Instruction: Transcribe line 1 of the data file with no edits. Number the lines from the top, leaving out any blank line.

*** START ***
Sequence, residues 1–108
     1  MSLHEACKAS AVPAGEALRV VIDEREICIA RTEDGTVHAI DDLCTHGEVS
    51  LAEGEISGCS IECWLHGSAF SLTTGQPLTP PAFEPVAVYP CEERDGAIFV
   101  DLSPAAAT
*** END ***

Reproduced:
Sequence, residues 1–108